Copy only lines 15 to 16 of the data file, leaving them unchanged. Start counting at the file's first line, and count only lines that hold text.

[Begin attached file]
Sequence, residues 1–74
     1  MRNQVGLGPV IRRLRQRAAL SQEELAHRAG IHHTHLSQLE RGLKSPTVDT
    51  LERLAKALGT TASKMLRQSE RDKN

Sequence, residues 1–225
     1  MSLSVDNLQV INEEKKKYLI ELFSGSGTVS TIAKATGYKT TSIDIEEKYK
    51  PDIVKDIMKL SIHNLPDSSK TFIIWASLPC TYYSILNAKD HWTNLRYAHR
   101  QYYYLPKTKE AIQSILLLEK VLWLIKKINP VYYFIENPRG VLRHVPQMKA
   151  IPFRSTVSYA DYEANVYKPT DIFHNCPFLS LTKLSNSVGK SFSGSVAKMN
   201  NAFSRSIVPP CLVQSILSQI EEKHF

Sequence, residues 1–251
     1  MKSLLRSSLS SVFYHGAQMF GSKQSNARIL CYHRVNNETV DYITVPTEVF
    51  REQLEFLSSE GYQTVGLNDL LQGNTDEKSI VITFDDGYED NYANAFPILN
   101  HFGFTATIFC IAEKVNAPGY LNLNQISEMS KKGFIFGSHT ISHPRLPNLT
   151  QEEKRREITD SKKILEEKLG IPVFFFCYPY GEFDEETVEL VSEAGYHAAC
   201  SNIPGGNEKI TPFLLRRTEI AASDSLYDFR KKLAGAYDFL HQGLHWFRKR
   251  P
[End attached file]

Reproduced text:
   201  SNIPGGNEKI TPFLLRRTEI AASDSLYDFR KKLAGAYDFL HQGLHWFRKR
   251  P